Numerous analyses of heritagization processes in various cultural contexts reveal their twofold dynamics between grassroots activities and implemented policies. We propose to problematize how these processes work within the religious and spiritual domains of contemporary and historical societies.
An idea of the 'past' seems to be endlessly popular and valued in various religious contexts. Institutionalized and well-established religious systems eagerly call upon the concepts of the 'past' and 'heritage' to justify their contemporary practices and ideologies. Also numerous emergent religious and spiritual movements within much more ephemeral and less institutionalized spheres inscribe themselves into heritagization processes.
This panel aims to enhance understanding of how 'heritage' as process works in the religious-spiritual domains of contemporary as well as historical societies. We are interested in how heritage is invented, adopted and adapted within specific cultural, social and historical frames, and how it is embraced by or attached to religious-spiritual practices. Is heritagization instigated by grassroots, spontaneous activities, or top-down policies operating on regional, national, trans-national or global levels, or a combination of both?Are there any conflicting visions of 'heritage(s)' between these two - bottom-up and top-down - perspectives? How does religious-spiritual heritagization situate itself in relation to dominant political circumstances, economic conditions and the spread of new media? Is heritagization perceived as a positive value or as an obstacle from an emic viewpoint of religious-spiritual movements and their participants? Does heritage relate to ossified behaviors and practices or can it perhaps engender innovation in religious-spiritual life?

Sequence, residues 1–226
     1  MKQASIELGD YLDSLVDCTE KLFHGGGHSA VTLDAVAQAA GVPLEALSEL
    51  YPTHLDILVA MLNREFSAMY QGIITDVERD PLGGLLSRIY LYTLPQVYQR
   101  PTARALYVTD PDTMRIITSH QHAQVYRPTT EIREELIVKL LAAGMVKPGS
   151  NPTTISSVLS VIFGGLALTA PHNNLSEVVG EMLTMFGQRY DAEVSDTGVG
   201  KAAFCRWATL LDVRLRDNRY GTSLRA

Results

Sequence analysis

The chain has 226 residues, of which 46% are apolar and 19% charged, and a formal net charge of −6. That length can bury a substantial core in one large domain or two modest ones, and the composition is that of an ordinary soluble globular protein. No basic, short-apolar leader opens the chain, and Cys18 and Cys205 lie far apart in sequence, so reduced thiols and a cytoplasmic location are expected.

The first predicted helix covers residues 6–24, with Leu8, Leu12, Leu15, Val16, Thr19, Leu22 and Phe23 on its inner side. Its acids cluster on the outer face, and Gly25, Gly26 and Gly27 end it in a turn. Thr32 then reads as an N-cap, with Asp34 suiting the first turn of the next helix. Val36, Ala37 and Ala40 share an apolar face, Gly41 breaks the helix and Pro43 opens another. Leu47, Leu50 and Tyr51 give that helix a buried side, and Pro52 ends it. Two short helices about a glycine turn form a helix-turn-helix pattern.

We welcome discussion of these and other questions relating to heritagization of religious and spiritual practices during this panel. Papers which combine ethnographic case studies with theoretical approaches are especially encouraged.